Budgeting and planning should be complementary and reinforcing activities. However, most manufacturing personnel probably haven’t experienced such delightful circumstances. Why? Because like many powerful tools, budgeting for operations is often held hostage to the demands of external financial reporting and the performance incentives associated with it. The result is a contentious environment where budgets are completed once a year with static spending targets (unless there is a dire need for a quarterly revision), all stakeholders play liar’s poker to maintain a reserve of flexibility (since the real world changes continuously), and often performance is manipulated with marginally ethical maneuvers to achieve unrealistic budgeted outcomes.
The impact on manufacturing is most severe since its budget and planning is highly dependent on sales forecasts. Also, most of its costs—beyond material and energy costs—are fixed or relatively inflexible.
Inflexible budgets can impose negative impacts in both good markets and bad. In bad markets, manufacturing has a tendency to align production to original budget targets, resulting in over production. Alternatively, if manufacturing slows production it risks being penalized in the upcoming budget cycle for not spending its budgeted targets. In good markets, production may not be ramped up to meet rising demands due to fear of overspending the budgeted targets.
The afflictions of rigid operating budgets have been widely diagnosed, but rigidity is an extremely resilient disease. Rigidity offers a façade of certainty and simplicity because it ties to financial statements and senior executive bonuses.
The antidote for the fixed budget disease is a dose of reality based on frequently updated sales forecasts—or, ideally, production based on orders—and clear, causal linkages between costs and operations. This is a surprisingly tough pill for CFO’s and CEO’s to swallow because it requires them to change performance management practices, accept that external financial statements are not the only financial version of the truth, and supplement financial accounting costing practices to incorporate more managerial (i.e. resource- and operations-based) costing. There is a great deal of literature available on implementing “rolling forecasts” for demand planning. One good source is the Beyond Budgeting Roundtable, which addresses both leadership principles and management processes for making planning and forecasting (they prefer to avoid the term “budgeting”) an adaptive model rather than an annual contest of negotiating skills.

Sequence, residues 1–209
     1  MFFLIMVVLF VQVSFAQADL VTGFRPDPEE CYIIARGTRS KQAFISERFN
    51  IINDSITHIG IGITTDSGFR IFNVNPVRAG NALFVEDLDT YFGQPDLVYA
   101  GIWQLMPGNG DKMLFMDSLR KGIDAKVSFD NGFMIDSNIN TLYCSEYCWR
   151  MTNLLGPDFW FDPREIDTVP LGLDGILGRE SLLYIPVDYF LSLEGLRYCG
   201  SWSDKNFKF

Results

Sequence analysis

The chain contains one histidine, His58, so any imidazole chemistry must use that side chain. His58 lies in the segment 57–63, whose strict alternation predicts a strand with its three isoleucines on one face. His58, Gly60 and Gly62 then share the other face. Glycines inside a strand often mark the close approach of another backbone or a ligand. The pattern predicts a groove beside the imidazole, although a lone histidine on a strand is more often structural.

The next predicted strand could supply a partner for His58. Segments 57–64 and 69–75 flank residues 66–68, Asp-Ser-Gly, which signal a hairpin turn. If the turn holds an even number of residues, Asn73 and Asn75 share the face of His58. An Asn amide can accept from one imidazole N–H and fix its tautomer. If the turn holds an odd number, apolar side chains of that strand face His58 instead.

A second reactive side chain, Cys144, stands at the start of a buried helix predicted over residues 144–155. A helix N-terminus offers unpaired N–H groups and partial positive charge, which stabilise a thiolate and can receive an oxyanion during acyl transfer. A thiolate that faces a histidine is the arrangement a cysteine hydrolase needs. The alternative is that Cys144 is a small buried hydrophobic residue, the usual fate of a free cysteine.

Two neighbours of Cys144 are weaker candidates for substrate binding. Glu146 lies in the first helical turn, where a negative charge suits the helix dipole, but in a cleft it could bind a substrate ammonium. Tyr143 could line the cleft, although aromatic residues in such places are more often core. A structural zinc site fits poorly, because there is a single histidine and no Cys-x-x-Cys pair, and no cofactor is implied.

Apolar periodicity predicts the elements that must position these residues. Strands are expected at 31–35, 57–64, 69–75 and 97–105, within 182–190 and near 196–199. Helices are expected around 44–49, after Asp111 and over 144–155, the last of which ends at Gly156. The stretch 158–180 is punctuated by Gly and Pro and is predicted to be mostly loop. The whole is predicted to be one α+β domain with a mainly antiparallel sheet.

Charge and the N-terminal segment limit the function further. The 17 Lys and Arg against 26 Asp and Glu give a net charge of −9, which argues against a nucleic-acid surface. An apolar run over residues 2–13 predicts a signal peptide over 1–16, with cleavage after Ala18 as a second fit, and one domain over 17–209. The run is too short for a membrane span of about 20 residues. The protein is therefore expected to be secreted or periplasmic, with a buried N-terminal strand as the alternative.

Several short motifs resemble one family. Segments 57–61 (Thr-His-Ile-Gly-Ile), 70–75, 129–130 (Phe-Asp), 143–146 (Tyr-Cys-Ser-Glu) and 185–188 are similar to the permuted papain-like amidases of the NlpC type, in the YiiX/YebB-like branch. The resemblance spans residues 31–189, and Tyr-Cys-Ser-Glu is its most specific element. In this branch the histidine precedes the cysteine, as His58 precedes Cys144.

Connecting costs to operations is the most challenging part of the change since finance and accounting must completely realign their typical thought processes. They are trained to build a financial model that resembles operations. Establishing meaningful connections to operations means finance must understand and use the operational model, and then design and collect monetary metrics that reflect in detail the operational and support processes and resources through to the final product. This must be done in a manner that makes strong causal relationships clear, eliminates weak or non-causal relationships that distort decision-making, and makes information available when needed—often within time frames that don’t match typical accounting activities, periods and cut-offs.
The only reference that focuses on building an operational model first and then molding monetary metrics to it is the Institute of Management Accountants’ “Conceptual Framework for Managerial Costing.” It ignores accounting standards and focuses solely on internal decision support. It identifies causality as the primary principle for building an operational and cost model, and it presents ten concepts that define causality to provide the means to assess an organization’s costing needs and evaluate advanced costing solutions and systems. A new IMA-associated website has also been developed to focus on costing for internal decision support.
>>Larry White, CMA, CFM, CPA, CGFM, firstname.lastname@example.org, is executive director of the Resource Consumption Accounting Institute, which trains and advocates for improved cost information connecting operations to business performance.